Model Source: https://gamebanana.com/models/2636
43. Makarov — After World War II, the Soviet Union decides to finally phase out the Nagant revolver and the TT-33 seemed too large a side arm now that they were issuing AK-47’s. Also, the Tokarev pistols omitted a safety and magazines were deemed too easy to lose. So, they held a contest and Makarov won. They began production in 1951 and it is still in production. Note, it has the recoil spring around the barrel like the Browning 1910.
Model Source: https://grabcad.com/library/makarov-1
In the 1980’s there was a sea change. The innovation center of gravity shifted from the U.S. back to Europe with the ‘Wonder 9s’ 9mm semi-automatics from a mix of both old and new continental players. What happened to innovation in the U.S.? Most of the major innovators (Colt, Smith & Wesson, Remington) are now shells of their former selves. They’ve gone through bankruptcies, change in ownership or absorbed into large holding companies. None of that is conducive to innovation and leadership. They are either being bled dry for their cash, focused on releasing old designs or simply existing from quarter to quarter. They are strong on sales and weak on invention. The military and law enforcement markets value innovation to meet goals
The Wonder 9s have stepped in to fill that void.
44. Glock 17 — Glock is an interesting success story. Here is a good summary — http://rdltactical.com/history-of-glock-handguns/
Basically, Gaston Glock, who never fired a gun let alone design one, ran a methodical process to determine a set of design goals, borrow the best ideas and added a whole new approach to gun materials. Glock did, however, have extensive experience in advanced synthetic polymers, knowledge of which was instrumental in the company’s design of the first commercially successful line of pistols with a polymer frame.
Glock became aware of the Austrian Army’s planned replacement of the WW II era P-38 and in 1982 assembled a team of Europe’s leading handgun experts from military, police, and civilian sport-shooting circles to define the most desirable characteristics in a combat pistol. Within three months, Glock developed a working prototype that combined proven mechanisms and traits from previous pistol designs. In addition, the plan was to make extensive use of synthetic materials and modern manufacturing technologies, to make it a very cost-effective candidate.
Several samples of the 9×19mm Glock 17 (so named because it was the 17th patent procured by the company) were submitted for assessment trials in early 1982, and after passing all of the exhaustive endurance and abuse tests, the Glock emerged as the winner.
Gaston Glock credits his success in handgun design to his lack of knowledge about handguns. That gave him no preconceived notions about what a handgun should be and allowed him to focus on just a handful of requirements: ease of use, simplicity and reliability.
This complete re-think has gone on to capture 65% of the U.S. law enforcement market.
Model Source: http://3dmag.org/en/market/download/item/3689/
45. Beretta M9 — Founded in the 16th century, Beretta is the oldest active manufacturer of firearm components in the world. Beretta has been owned by the same family for almost five hundred years. In the 1980s the U.S. military decided to replace the venerable M1911A1 (after 80 years). In 1980, the Beretta 92S-1 design was chosen over entries from Colt, Smith & Wesson, Walther, the Star M28, and various Fabrique Nationale and Heckler & Koch models.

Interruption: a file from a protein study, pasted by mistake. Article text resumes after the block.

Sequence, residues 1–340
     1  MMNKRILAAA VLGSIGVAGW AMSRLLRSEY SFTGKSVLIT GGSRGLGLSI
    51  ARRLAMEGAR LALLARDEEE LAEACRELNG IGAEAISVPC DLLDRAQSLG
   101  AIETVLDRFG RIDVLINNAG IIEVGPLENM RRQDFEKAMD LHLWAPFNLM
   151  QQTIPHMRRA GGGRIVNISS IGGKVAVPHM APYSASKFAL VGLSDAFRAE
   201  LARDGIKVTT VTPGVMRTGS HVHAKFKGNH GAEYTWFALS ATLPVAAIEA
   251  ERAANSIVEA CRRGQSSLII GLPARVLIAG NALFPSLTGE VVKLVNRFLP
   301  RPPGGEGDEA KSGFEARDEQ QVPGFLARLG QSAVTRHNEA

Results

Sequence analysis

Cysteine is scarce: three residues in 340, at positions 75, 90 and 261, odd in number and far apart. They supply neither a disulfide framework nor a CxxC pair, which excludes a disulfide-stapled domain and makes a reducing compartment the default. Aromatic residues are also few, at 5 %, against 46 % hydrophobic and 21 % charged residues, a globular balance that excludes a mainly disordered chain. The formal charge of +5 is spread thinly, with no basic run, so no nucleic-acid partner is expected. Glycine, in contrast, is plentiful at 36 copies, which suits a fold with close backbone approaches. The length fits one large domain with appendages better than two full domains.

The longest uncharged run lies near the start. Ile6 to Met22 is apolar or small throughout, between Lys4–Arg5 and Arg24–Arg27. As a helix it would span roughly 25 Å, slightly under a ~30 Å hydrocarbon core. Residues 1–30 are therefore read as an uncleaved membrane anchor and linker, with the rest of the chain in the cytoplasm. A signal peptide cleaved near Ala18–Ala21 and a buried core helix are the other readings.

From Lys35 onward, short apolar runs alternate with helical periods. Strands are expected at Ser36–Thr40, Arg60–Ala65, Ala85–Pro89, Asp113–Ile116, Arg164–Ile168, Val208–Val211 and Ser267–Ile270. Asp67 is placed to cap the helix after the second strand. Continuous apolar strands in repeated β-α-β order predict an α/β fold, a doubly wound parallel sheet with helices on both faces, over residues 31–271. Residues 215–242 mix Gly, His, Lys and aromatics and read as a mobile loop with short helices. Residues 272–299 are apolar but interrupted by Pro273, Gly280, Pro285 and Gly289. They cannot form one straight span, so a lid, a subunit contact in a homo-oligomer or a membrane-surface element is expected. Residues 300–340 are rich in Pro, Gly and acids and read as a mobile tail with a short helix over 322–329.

The result, however, was challenged by the US Army, and new tests were done by the Army. In 1984, the trials started again with updated entries from Smith & Wesson, Beretta, SIG Sauer, Heckler & Koch, Walther, Steyr, and Fabrique Nationale. Beretta won this competition. The U.S. Military decided to adopt an Italian pistol (gulp). It went into service in 1990. A center of gravity shifts to Europe. However, things have not gone as well as hoped and after 25 years of service, another competition was held with different priorities. The Beretta will lose out.
Notice the open slide influence of the P-38.
Model Source: http://www.cadnav.com/3d-models/model-36325.html
46. Sig Sauer 320 — Second behind Glock in the law enforcement market is Sig Sauer. Sig Sauer is an unusual set of partnerships. Formed in 1976 as a partnership between Schweizerische Industrie Gesellschaft (SIG) of Switzerland and J.P. Sauer & Sohn of Germany. A separate company was founded in the US in 1985 with the name SIGARMS to import and distribute SIG Sauer firearms into the United States. This company was renamed SIG Sauer Inc. SIGARMS is now based in Exeter NH.
Sig Sauer has climbed to number two behind Glock in the law enforcement market.
On 19 January 2017, it was announced that the SIG Sauer P320 MHS variant had won the United States Military’s Modular Handgun System trials. Modularity and standardization were now of prime importance. First units were delivered to the 101st Airborne Division (my dad’s old unit) and had better accuracy and ergonomics and tighter dispersion than the M9 (Beretta). All Army units are planned to have the M9 replaced with the M17 within a decade.
There you go. The Wonder 9’s now dominate U.S. law enforcement and have won the last two U.S. Military competitions.